In a press conference this afternoon, the prime minister said the federal government will intervene if aged care providers continue to impose visitor bans.

Prime minister Scott Morrison said if providers can not follow the government’s guidelines, they will be required to seek the government’s permission to impose lockdowns.

The Minister for Aged Care, Hon Richard Colbeck and Chief Medical Officer, Brendon Murphy will meet via video call with the peak bodies and aged care providers this evening to discuss the issue, which is emerging as a major point of difference between the government and aged care providers.

“National cabinet has continued to stress its concern about restrictions that are being put in place in aged care facilities,” Mr Morrison said.

“So, we are flagging that should we not see an improvement in this area… that the commonwealth would be moving to require aged care facilities that wish to have an exemption to those national principles… then they would need to seek authority to do that from the commonwealth,” he said.

Mr Morrison said there are “valid reasons” to impose lockdowns, citing the examples of north-west Tasmania and western Sydney. Lockdowns in scenarios such as these are “entirely sensible” and “totally reasonable”, he said.

But in most cases, these strong restrictions are not necessary, Mr Morrison stated.

“Having people stuck in their rooms, not being able to be visited by their loved ones and carers and other support people, that’s not OK,” he said, echoing his comments earlier in the week.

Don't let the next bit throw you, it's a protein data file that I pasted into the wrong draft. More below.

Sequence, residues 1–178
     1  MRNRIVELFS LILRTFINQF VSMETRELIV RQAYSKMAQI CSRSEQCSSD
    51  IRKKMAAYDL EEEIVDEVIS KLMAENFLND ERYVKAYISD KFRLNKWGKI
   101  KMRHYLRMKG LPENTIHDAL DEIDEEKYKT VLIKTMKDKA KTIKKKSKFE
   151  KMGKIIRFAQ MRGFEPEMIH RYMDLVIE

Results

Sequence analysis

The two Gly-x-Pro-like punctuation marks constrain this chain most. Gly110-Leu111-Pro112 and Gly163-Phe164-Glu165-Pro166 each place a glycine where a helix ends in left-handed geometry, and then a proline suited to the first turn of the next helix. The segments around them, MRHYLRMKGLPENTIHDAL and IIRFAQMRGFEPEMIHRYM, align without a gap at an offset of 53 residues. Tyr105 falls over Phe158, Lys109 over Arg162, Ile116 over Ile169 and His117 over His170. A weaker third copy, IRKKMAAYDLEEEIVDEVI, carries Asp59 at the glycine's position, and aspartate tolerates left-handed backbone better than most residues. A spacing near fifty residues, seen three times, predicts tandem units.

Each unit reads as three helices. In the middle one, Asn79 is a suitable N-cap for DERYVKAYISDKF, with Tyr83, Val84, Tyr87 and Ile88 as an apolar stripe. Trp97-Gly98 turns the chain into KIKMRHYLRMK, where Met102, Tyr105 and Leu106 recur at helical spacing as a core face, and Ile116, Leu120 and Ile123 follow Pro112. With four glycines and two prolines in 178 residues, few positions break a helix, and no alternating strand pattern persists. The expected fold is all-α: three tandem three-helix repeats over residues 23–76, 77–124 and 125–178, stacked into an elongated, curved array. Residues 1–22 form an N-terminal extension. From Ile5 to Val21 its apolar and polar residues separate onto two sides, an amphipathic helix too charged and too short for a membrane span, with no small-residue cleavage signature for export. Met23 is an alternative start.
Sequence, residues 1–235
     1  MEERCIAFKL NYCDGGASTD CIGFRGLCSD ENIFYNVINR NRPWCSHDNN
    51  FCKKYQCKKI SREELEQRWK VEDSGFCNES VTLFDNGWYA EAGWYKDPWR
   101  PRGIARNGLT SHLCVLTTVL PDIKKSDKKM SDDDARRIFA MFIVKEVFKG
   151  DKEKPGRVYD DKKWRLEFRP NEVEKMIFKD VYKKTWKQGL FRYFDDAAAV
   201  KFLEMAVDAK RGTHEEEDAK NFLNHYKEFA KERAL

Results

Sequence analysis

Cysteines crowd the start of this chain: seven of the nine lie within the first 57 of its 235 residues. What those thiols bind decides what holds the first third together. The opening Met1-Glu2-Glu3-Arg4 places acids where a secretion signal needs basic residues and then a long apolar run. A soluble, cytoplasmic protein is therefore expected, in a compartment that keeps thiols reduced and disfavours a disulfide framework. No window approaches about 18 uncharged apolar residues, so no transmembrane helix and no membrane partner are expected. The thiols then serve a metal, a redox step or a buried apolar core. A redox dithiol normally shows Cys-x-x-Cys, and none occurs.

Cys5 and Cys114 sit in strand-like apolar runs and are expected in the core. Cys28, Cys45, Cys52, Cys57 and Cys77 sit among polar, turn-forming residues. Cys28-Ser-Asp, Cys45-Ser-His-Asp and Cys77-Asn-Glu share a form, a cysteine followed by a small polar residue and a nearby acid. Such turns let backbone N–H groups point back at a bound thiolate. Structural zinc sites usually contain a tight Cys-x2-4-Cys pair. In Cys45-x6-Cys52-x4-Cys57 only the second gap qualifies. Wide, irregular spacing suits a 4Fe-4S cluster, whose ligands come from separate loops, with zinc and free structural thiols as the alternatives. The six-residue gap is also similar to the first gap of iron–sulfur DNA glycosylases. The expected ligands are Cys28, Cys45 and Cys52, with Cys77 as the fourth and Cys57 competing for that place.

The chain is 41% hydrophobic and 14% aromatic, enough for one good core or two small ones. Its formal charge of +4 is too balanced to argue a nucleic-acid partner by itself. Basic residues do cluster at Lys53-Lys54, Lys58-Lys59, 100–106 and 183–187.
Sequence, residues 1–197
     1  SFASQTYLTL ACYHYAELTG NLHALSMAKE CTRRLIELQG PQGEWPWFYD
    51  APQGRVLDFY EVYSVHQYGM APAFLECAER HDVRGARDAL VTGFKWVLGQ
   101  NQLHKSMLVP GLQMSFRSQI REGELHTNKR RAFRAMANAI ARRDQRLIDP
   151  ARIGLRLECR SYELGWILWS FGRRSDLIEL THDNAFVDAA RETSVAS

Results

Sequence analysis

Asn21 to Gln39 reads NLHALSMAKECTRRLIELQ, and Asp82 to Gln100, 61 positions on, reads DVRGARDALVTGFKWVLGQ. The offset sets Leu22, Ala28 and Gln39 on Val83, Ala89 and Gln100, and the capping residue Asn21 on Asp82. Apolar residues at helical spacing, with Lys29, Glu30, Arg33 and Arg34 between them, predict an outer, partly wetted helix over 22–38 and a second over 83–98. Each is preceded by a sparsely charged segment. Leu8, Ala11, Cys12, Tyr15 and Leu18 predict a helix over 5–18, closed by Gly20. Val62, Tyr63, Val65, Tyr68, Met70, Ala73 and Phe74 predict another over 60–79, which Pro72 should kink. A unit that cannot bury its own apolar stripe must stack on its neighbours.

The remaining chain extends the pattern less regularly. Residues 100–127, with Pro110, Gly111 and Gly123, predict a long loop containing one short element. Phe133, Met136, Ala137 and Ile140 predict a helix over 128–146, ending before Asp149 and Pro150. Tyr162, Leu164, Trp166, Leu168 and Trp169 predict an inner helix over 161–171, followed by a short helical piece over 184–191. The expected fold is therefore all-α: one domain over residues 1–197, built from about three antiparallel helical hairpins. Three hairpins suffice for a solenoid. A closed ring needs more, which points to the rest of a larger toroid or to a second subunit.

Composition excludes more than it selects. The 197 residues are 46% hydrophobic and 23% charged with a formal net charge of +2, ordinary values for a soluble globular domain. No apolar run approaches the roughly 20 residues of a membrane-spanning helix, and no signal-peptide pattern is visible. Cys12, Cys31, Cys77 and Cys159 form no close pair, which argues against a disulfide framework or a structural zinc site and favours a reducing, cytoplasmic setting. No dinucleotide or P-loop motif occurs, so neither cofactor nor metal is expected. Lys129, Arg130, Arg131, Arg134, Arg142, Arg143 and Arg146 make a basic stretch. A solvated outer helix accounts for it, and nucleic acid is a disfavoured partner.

“We are not going to have these as secret places, where people can’t access them,” he said.

Total lockdowns are not supported by government

This afternoon the aged care minister Richard Colbeck issued a statement reiterating the prime minister’s position. 

“Total lock downs of facilities… (are) not supported by the Australian Health Protection Principal Committee or the National Cabinet,” he said.

“Contact with family and friends during this difficult time can be a vital link to ensure the health and wellbeing of Senior Australians in care,” Mr Colbeck said.

“The AHPPC is concerned that in some cases this level of contact is not being maintained. It is not okay that residents should remain completely cut off from loved ones or their carers. This is particularly important for those residents with dementia.”

So, what are the government’s guidelines?

The government’s current guidelines for visitors to aged care facilities during COVID-19 are as follows.

“This guidance draws on what has already been learned from experiences with recent COVID-19 outbreaks,” Mr Colbeck said. 

Do not visit aged care facilities if you have:

  • returned from overseas in the last 14 days
  • been in contact with a confirmed case of COVID-19 in the last 14 days
  • have a fever or symptoms of a respiratory infection such as a cough, sore throat or shortness of breath

From 1 May 2020, anyone who visits an aged care facility must have had a flu vaccination.

Visits must be kept short and no more than two visitors, including doctors, are allowed at a time. Visits can occur in a resident’s room, outdoors, or in a specific area they designate. There should be no visiting in communal areas.

There should be no large group visits or gatherings, no school groups, and no children aged 16 years or under are permitted to visit residential aged care facilities except in special circumstances.

“If you cannot visit your family and friends in a residential aged care facility, it’s important to keep in touch. Make phone or video calls, send postcards, photos or artwork or film short videos to share,” the guidelines state.

According to a fact sheet for families and carers, aged care providers should manage cases “compassionately, especially when it relates to end-of-life situations, palliative care and dementia units”.

 

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